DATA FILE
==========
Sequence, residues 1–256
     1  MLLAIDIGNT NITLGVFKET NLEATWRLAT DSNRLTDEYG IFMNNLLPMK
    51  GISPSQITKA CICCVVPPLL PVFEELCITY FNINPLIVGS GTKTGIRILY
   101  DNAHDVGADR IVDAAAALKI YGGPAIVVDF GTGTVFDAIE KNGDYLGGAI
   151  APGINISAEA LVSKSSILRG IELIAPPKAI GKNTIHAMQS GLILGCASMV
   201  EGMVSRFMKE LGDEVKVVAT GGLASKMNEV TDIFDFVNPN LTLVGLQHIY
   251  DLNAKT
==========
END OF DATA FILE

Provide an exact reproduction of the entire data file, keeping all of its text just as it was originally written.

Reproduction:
Sequence, residues 1–256
     1  MLLAIDIGNT NITLGVFKET NLEATWRLAT DSNRLTDEYG IFMNNLLPMK
    51  GISPSQITKA CICCVVPPLL PVFEELCITY FNINPLIVGS GTKTGIRILY
   101  DNAHDVGADR IVDAAAALKI YGGPAIVVDF GTGTVFDAIE KNGDYLGGAI
   151  APGINISAEA LVSKSSILRG IELIAPPKAI GKNTIHAMQS GLILGCASMV
   201  EGMVSRFMKE LGDEVKVVAT GGLASKMNEV TDIFDFVNPN LTLVGLQHIY
   251  DLNAKT